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A@W Newsletter

Residential sector embraces work life balance

29 April 2021

As homeworking becomes a long-term solution, rather than a short-term fix, so clients in the residential sector are increasingly looking to architects and designers to come up with creative solutions that separate work and home life.

 

By Helen Parton

 

Open plan living has dominated residential clients’ wishlists for decades now but the Covid-19 pandemic has perhaps turned the tide as the benefits of being able to separate out different activities come to the fore. While commuter costs may have reduced and supermarket bought-sandwiches are replaced by home cooked lunches, so the need to invest in specific places for work and live has become more apparent, as people realise that commandeering kitchen tables, sofas and even beds as temporary workplaces wasn’t going to suffice for the long term. Homeworking is here to stay, with London’s Evening Standard newspaper reporting that nearly a third of people questioned didn’t want to go back to the office at all.

 

 


Studio Ben Allen’s Room in the Garden is a flatpack self contained workspace.
© Ben Tynegate

 

 

Architects have responded to this new work order with solutions that don’t compromise on style, space or indeed sustainability. Studio Ben Allen has come up with ‘A Room in the Garden’. This concept is ‘intended to relieve the congestion of the urban home’. It comes as a flat pack kit of parts with no on-site cutting required and screw and bolt fixing holes pre-drilled. When assembled, this creates an octagonal structure with a hexagonal roof, which frames a square skylight. The intention was to create a high quality yet affordable solution with low volatile organic compounds (VOCs).

 

 


Surman Weston’s Heid One concept brings nature indoors thanks to its large swing window.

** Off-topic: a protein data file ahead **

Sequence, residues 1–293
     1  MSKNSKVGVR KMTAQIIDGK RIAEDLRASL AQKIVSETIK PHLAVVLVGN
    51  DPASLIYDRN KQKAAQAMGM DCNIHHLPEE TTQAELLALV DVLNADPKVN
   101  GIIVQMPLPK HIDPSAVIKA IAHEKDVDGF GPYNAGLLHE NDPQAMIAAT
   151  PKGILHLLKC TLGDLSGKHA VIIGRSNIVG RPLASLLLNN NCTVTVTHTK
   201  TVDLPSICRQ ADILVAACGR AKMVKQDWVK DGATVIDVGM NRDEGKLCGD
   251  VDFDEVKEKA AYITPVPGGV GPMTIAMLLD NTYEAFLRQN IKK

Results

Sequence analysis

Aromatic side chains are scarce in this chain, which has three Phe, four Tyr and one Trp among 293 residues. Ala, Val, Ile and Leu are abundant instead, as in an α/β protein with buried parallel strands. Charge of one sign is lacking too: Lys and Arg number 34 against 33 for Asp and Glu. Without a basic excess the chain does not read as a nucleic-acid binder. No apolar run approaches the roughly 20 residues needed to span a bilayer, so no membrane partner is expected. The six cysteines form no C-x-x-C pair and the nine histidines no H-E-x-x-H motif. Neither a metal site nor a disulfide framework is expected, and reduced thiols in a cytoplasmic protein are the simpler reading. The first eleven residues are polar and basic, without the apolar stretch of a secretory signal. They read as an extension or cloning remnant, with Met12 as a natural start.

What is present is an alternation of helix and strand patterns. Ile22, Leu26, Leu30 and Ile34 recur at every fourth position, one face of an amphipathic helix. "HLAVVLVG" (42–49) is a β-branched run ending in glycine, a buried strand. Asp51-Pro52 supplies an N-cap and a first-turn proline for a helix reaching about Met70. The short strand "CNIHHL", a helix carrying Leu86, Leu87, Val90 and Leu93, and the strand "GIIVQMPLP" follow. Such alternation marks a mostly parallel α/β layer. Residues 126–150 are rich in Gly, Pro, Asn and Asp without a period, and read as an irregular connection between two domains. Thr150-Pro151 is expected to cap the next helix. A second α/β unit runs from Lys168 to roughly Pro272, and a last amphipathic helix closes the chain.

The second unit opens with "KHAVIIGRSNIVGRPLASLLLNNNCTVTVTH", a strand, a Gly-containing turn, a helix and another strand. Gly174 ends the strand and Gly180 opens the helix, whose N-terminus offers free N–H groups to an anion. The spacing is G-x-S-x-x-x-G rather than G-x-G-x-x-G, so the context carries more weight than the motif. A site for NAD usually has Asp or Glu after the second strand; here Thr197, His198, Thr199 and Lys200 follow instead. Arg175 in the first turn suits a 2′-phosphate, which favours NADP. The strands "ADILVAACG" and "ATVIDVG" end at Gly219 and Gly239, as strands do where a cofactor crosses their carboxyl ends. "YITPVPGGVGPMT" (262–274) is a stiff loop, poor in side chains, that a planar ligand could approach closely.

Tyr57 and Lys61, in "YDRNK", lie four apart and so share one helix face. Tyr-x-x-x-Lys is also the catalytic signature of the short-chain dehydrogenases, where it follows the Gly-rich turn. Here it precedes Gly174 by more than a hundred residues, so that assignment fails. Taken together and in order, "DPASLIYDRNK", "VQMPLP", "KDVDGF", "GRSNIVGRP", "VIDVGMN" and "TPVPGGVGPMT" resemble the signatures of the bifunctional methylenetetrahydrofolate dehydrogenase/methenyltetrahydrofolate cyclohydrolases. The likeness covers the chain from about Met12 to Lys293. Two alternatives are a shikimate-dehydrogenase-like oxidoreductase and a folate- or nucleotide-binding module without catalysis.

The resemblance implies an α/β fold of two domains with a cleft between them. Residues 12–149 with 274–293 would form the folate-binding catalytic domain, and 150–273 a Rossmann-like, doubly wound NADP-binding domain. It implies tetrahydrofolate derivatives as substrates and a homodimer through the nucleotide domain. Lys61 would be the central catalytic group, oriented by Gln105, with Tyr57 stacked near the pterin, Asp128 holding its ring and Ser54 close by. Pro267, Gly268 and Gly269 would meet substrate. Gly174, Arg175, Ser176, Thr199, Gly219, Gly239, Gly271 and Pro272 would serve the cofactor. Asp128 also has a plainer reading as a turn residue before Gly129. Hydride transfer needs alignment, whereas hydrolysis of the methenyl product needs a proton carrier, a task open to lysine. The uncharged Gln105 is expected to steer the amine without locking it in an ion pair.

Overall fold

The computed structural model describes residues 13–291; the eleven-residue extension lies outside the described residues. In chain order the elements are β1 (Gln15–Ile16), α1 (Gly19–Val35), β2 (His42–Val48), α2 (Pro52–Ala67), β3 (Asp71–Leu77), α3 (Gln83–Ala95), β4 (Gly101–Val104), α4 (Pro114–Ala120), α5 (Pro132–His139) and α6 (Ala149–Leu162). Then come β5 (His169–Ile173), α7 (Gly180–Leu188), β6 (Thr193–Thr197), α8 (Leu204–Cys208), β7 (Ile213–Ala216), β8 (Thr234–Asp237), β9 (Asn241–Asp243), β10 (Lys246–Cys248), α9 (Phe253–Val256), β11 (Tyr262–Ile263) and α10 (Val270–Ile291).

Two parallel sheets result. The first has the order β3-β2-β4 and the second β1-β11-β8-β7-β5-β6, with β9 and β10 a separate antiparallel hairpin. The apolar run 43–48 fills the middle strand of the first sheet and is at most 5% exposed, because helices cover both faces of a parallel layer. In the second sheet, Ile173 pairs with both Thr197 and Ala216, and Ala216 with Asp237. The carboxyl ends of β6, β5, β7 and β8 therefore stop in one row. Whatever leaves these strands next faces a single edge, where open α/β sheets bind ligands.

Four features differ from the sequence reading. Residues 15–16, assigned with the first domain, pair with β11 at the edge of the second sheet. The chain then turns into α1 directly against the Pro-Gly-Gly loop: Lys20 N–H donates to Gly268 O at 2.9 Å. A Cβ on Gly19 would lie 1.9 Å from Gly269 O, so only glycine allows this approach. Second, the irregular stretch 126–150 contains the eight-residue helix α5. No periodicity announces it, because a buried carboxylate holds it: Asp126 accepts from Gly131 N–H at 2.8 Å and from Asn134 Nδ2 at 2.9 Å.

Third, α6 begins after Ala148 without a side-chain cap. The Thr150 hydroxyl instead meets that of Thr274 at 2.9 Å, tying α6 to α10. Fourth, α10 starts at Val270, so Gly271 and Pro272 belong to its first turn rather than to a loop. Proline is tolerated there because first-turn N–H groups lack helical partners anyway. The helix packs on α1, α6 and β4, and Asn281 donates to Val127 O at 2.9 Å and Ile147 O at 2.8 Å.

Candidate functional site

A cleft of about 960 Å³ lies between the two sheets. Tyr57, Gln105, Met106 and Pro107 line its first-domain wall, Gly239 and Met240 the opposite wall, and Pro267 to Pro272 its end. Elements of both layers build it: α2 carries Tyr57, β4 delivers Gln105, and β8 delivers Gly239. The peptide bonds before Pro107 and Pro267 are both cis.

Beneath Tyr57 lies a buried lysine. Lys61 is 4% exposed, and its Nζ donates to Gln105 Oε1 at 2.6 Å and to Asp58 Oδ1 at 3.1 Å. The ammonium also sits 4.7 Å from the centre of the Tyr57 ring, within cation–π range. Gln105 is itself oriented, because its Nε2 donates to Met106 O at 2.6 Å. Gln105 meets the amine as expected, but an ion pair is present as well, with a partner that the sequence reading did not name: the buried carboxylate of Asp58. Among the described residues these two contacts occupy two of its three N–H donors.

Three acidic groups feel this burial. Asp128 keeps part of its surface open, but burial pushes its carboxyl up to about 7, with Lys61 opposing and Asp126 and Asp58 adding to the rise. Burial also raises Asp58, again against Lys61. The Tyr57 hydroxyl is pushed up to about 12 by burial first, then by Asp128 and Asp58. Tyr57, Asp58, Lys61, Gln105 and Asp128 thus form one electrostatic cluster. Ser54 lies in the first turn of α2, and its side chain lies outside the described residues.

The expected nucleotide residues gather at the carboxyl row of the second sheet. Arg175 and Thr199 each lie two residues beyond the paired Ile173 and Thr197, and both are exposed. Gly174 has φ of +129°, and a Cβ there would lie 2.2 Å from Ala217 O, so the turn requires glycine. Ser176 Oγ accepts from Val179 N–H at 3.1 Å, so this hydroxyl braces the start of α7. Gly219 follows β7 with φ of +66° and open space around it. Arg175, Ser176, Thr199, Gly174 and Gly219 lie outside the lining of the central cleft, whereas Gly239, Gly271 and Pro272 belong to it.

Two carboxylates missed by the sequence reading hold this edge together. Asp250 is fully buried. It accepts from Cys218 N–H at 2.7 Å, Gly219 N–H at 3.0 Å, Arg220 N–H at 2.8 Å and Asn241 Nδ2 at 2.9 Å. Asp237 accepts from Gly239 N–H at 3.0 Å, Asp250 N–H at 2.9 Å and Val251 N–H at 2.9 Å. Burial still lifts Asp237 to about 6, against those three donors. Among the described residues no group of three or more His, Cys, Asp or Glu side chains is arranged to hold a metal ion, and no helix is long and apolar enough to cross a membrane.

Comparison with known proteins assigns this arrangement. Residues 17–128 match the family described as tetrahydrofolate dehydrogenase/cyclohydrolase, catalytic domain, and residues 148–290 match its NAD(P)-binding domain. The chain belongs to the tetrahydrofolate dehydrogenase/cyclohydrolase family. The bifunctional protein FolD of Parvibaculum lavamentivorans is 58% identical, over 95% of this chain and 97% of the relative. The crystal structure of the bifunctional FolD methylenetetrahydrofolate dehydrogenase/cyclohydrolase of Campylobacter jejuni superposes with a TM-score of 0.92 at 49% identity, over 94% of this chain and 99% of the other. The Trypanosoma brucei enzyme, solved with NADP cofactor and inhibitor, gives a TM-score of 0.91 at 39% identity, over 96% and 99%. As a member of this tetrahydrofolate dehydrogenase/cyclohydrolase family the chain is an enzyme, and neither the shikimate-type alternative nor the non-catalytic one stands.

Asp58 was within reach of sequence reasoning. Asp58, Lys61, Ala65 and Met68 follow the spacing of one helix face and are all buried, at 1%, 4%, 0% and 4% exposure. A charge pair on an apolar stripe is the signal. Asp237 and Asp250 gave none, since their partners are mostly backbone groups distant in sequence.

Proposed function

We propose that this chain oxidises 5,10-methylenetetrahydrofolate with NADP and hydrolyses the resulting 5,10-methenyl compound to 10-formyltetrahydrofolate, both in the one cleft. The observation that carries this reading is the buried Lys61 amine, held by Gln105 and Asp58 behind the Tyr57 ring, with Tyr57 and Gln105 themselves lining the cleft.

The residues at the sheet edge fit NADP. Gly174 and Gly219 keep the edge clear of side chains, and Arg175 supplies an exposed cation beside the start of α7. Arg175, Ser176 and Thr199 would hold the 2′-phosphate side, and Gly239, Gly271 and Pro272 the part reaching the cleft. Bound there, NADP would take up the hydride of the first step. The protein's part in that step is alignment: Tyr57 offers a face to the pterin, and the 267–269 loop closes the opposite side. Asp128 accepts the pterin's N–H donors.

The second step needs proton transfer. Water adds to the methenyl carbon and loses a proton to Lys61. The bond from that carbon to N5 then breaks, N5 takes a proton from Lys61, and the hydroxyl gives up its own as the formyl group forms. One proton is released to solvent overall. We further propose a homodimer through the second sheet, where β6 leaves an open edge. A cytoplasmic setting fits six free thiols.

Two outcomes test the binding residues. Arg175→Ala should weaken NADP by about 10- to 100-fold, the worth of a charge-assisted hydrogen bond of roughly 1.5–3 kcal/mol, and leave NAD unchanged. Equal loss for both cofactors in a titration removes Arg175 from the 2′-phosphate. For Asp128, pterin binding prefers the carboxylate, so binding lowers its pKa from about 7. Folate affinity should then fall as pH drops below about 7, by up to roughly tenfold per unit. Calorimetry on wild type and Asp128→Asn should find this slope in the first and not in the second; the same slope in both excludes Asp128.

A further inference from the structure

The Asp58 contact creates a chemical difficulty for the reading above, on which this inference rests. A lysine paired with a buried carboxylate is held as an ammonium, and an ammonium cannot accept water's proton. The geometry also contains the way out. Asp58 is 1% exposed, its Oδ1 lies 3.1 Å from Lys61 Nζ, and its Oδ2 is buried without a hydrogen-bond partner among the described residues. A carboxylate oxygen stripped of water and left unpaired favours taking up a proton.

© Surman Weston

 

 

South London-based architecture practice Surman Weston, meanwhile, has come up with Heid One. This is a customisable, prefabricated garden room, combining traditional joinery craft with cutting-edge digital fabrication. The emphasis is on a harmonious, healthy space to work, which maximises natural light courtesy of a large window which swings open to bring in the outdoors. There is a strong sustainability story here too with a green roof to encourage biodiversity and even a bird box within the cladding.

 

 


Bisley’s HideAway desk is wall-mounted and opens to provide a practical worksurface.
© Bisley

 

 

If client budgets, briefs or both don’t allow for a completely separate room, there are a number space planning ideas to consider. The concept of broken plan: keeping the flow of an interior but retaining elements of privacy has been around for a while. Here half walls, split levels and mezzanines can create zones to break out. During the pandemic, this idea has been rapidly developed to include smart shelving incorporating space for greenery, simultaneously embracing the growing trend for houseplants.

 

 


USM’s world of plants provides separation and space for houseplants.
© USM

 

 

Desk surfaces can pull down from the wall by day and be shut away when the work is done and storage solutions adapted so an unloved nook or under-stair space becomes a practical place to put in the hours at work.

 

 


Framery One pod distributed by Welltek has a sound insulation system which cancels out noise.
© Framery One/Welltek

 

 

Manufacturers have worked hard to offer alternatives to architects and designers looking to specify set ups for home offices that don’t have a hard, corporate look but instead blend in to the domestic environment, while offering some degree of separation of the nine-to-five from family time.

While working from home might be part of our lives for some time yet, architects and designers can be relied upon to think of innovations to help draw a line between our work and non-work selves.

Residential sector embraces work life balance
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